|   3 |    BITMAP CONVERSION TO ROWIDS|                  |   369K|    71M|    12   (0)| 00:00:01 |

|*  4 |     BITMAP INDEX SINGLE VALUE | B_TEST_BITMAP    |       |       |            |          |

|   5 |    BITMAP CONVERSION TO ROWIDS|                  |   369K|    71M|    35   (0)| 00:00:01 |

|   6 |     BITMAP INDEX FULL SCAN    | B_TEST_BITMAP1   |       |       |            |          |

--------------------------------------------------------------------------------------------------

2.With Btree index.

SQL> create index I_TEST_BITMAP on TEST_BITMAP(C2);

Index created.

Elapsed: 00:00:02.98

SQL> create index I_TEST_BITMAP1 on TEST_BITMAP(C3);

Index created.

Elapsed: 00:00:02.09

SQL>  select c3 from test_bitmap where c2='B';

99999 rows selected.

Elapsed: 00:00:00.59

Execution Plan

------------------------------------------------------------------------------------------------------

| Id  | Operation                           | Name          | Rows  | Bytes | Cost (%CPU)| Time     |

-----------------------------------------------------------------------------------------------------

|   0 | SELECT STATEMENT                    |               |   369K|    71M| 16675   (1)| 00:00:01 |

|   1 |  TABLE ACCESS BY INDEX ROWID BATCHED| TEST_BITMAP   |   369K|    71M| 16675   (1)| 00:00:01 |

|*  2 |   INDEX RANGE SCAN                  | I_TEST_BITMAP |   369K|       |  5788   (1)| 00:00:01 |

-----------------------------------------------------------------------------------------------------

Predicate Information (identified by operation id):

---------------------------------------------------

2 - access("C2"='B')

Please note there is performance improvement in case of bitmap index join.

G.Reverse key index

When sequential data is loaded, the index may encounter I/O-related bottlenecks. During the data loads, one part of the index, and one part of the disk, may be used much more heavily than any other part. To remedy this problem, you should store your index tablespaces on disk architectures that permit the files to be physically striped across multiple disks.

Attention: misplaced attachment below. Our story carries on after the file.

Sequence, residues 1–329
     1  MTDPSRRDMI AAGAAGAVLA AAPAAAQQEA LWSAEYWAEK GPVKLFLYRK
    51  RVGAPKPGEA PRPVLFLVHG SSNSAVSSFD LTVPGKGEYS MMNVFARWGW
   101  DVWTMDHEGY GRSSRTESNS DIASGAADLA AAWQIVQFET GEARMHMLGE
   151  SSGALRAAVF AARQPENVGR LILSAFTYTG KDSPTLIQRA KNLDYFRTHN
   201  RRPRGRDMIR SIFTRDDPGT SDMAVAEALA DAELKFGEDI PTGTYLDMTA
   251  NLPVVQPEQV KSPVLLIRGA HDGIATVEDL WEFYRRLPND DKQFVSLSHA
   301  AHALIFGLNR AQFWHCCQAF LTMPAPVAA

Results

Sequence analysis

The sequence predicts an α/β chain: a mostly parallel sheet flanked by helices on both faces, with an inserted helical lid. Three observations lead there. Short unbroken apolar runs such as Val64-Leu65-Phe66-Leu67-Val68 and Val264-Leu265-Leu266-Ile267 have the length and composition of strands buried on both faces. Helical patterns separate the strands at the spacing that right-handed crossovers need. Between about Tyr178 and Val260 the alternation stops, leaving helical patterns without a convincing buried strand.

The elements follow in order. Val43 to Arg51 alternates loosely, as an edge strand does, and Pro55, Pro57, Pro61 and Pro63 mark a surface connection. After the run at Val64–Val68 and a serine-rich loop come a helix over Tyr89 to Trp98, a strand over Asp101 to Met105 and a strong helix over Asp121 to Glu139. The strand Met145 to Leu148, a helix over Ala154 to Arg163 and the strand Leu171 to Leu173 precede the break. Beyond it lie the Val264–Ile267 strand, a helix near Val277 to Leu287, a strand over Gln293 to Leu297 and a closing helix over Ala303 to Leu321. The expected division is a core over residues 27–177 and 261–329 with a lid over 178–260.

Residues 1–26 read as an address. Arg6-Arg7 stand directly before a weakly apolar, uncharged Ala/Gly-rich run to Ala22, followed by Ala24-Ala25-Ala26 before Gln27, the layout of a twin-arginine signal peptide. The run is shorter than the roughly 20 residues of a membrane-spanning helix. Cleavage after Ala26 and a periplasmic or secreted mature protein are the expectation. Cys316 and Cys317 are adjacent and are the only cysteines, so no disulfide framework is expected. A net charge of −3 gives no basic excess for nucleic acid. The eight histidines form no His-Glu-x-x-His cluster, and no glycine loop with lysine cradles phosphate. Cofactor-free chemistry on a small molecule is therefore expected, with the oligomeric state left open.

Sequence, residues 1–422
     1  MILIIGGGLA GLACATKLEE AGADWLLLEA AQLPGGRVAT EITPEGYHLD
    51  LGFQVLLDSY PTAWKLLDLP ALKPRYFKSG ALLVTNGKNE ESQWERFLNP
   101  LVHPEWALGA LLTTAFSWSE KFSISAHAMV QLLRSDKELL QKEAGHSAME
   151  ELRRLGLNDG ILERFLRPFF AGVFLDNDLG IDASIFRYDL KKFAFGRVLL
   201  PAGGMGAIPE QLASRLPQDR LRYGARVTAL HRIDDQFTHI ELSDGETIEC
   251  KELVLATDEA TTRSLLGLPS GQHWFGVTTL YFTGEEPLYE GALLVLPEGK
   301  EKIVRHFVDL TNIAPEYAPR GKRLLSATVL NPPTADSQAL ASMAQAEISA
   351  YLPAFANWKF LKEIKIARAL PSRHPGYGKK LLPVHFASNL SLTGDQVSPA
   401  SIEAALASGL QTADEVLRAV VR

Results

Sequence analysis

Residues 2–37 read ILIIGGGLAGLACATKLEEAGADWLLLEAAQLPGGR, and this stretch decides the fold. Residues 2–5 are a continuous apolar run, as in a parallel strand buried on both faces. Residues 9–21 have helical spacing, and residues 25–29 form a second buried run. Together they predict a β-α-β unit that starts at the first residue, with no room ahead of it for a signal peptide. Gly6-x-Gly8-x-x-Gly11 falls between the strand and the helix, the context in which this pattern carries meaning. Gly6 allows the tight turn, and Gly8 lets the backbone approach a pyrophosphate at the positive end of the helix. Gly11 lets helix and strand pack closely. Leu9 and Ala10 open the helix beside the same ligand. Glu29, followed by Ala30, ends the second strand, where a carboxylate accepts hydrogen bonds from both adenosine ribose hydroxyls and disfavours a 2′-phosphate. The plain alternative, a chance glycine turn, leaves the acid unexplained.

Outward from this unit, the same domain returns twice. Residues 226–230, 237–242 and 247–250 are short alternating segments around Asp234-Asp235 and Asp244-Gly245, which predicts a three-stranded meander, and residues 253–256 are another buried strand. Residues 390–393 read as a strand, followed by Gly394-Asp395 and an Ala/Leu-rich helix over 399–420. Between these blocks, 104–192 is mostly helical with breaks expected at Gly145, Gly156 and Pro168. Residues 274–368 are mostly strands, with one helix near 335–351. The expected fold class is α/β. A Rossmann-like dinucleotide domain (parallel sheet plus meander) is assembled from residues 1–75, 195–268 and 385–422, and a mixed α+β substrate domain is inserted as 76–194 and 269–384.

Oracle provides reverse key indexes as another solution to this performance problem. When data is stored in a reverse key index, its values are reversed prior to being stored in the index. Thus, the values 1234, 1235, and 1236 are stored as 4321, 5321, and 6321. As a result, the index may update
different index blocks for each inserted row.

In the below test case,I will show how buffer busy wait can be minimized in case 30 parallel session insert data into a table using sequence.There is index on primary key of the table .

Test case:-

1.Using simple BTree index

SQL> CREATE TABLESPACE data_assm DATAFILE ‘+DATA’ SIZE 5G EXTENT MANAGEMENT LOCAL SEGMENT SPACE MANAGEMENT AUTO;

SQL> CREATE TABLESPACE ind_assm DATAFILE ‘+DATA’ SIZE 5G EXTENT MANAGEMENT LOCAL SEGMENT SPACE MANAGEMENT AUTO; SQL> create table t (id number, sometext varchar2(50),my_date date) tablespace data_assm;

SQL> create or replace procedure manyinserts as
begin
for i in 1..1000000 loop
insert into t values (id_seq.nextval, ‘DOES THIS CAUSE BUFFER BUSY WAITS?’,sysdate);
end loop;
commit;
end;
/

Procedure created.

SQL> create or replace procedure manysessions as
v_jobno number:=0;
begin
FOR i in 1..30 LOOP
dbms_job.submit(v_jobno,’manyinserts;’, sysdate);
END LOOP;
commit;
end;
/

Procedure created.

SQL> create index i_t on t(id) tablespace ind_assm;

Index created.

SQL>exec manysessions; (This will start load data with 30 multiple session)

SQL> exec dbms_stats.gather_table_stats(‘C##TEST’,’T’);

PL/SQL procedure successfully completed.